Even with government incentivizing unemployment on an epic scale, the American economy created 1.76 million new jobs during the month of July – extending a three-month string of employment growth. The unexpectedly strong job gains came on the heels of an unprecedented collapse in employment in March and April as the coronavirus pandemic and its subsequent societal shutdowns paralyzed the nation.
According to the latest data (.pdf) from the U.S. Bureau of Labor Statistics (BLS), the nation’s unemployment rate fell by 0.9 percent to 10.2 percent last month – as the total number of unemployed persons declined by 1.4 million to 16.3 million.
Analysts projected the rate would fall to 10.6 percent.
Meanwhile, the labor participation rate inched downward – from 61.5 percent to 61.4 percent. This critical metric – which provides us with a sense of the size of the labor force itself – had reached 63.4 percent (the high-water mark of U.S. president Donald Trump’s administration) prior to the pandemic.
In April, it plunged all the way to 60.2 percent – its lowest reading since January 1973.
“These improvements in the labor market reflected the continued resumption of economic activity that had been curtailed due to the coronavirus (COVID-19) pandemic and efforts to contain it,” a statement from the BLS noted.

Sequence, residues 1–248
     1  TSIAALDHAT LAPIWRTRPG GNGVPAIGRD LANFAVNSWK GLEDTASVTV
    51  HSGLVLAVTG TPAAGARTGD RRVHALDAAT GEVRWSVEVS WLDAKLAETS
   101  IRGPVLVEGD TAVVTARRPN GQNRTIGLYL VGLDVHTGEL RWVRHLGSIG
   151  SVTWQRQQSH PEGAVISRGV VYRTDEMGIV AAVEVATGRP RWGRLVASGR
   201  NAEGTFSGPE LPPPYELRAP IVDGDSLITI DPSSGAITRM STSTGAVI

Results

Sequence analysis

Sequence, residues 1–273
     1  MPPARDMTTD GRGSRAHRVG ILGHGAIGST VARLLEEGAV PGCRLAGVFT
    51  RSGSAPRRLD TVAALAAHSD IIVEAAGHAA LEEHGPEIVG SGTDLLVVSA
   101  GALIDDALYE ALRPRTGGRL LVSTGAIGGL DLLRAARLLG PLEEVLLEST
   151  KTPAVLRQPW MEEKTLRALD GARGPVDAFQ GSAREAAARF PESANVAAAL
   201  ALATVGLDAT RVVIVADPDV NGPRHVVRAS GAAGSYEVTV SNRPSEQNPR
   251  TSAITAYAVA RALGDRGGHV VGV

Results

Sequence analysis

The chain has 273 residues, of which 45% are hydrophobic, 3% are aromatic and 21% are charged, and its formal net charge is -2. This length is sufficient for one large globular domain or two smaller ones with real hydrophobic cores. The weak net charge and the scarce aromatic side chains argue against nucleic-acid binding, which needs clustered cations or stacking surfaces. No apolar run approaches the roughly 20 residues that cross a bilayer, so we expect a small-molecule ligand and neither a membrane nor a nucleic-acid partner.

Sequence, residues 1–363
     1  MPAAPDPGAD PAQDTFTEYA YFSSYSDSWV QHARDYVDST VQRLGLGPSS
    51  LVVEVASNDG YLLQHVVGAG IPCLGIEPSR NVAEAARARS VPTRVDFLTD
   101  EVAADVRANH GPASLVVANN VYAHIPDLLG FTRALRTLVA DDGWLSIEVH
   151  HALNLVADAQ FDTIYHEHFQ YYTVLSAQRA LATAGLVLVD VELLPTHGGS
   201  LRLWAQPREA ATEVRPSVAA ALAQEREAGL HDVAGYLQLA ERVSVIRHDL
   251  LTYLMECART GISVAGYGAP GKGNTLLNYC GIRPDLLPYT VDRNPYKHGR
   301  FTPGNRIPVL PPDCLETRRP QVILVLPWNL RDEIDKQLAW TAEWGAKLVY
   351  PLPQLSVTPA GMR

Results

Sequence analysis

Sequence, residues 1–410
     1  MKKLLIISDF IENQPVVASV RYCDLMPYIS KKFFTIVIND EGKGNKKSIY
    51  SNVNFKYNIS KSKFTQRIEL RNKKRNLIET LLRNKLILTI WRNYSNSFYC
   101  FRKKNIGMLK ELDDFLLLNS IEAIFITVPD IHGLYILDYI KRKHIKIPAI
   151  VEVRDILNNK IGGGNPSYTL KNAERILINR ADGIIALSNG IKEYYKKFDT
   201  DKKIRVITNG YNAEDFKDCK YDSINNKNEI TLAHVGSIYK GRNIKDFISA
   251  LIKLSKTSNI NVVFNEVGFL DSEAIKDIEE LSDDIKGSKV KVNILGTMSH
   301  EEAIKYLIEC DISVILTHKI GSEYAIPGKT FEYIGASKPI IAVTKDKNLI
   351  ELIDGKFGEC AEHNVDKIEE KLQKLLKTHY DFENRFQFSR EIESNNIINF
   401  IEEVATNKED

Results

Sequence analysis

Revised BLS data now shows the economy having created a total of 9.28 million jobs over the last three months – less than half of the 21.3 million jobs lost in the aftermath of the pandemic shutdowns.
“Putting the rebound in context, the U.S. economy still has a ways to go before it fills even half the labor gap that opened after the March (coronavirus) shutdowns,” our friends at the website Zero Hedge noted in their assessment of the data.
Still, Trump supporters were ebullient at the numbers – calling them “simply incredible” and representative of a “dramatic turnaround”
Is the rebound sustainable, though?
Job gains would have been much higher in July had there not been a surge in new coronavirus cases (one which appears to be be leveling off, thankfully).
According to a Federal Emergency Management Agency (FEMA) memo obtained earlier this week by ABC News, only seven states and territories are “on an upward trajectory of new cases” while ten states are at a “plateau.” In thirty-nine states, new Covid-19 cases are declining.
Nationwide, there was a 9.2 percent reduction in cases from the previous week, according to the memo obtained by ABC.
Since governments across the nation began tracking coronavirus cases in mid-March, 4.98 million Americans have been infected and 162,091 have died, according to the latest data. That is a case fatality rate of 3.24 percent.
Our view on all of this?
As we have frequently pointed out, we do not believe the American jobs economy will fully bounce back unless government removes the current disincentive to work (i.e. until it stops doling out inflated emergency unemployment benefits that pay workers more to remain idle than to reenter the labor force).
Hopefully that will happen soon, although Democrats in Washington, D.C. appear unwilling to budge on their plan to extend elevated emergency benefits through the end of the year at a cost of $437 billion.
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